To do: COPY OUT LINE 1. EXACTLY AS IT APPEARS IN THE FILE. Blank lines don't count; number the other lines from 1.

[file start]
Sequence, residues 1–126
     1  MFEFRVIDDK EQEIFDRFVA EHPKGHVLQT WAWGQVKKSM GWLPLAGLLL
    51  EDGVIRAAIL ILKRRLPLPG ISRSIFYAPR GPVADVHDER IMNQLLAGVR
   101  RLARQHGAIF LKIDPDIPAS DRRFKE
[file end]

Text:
Sequence, residues 1–126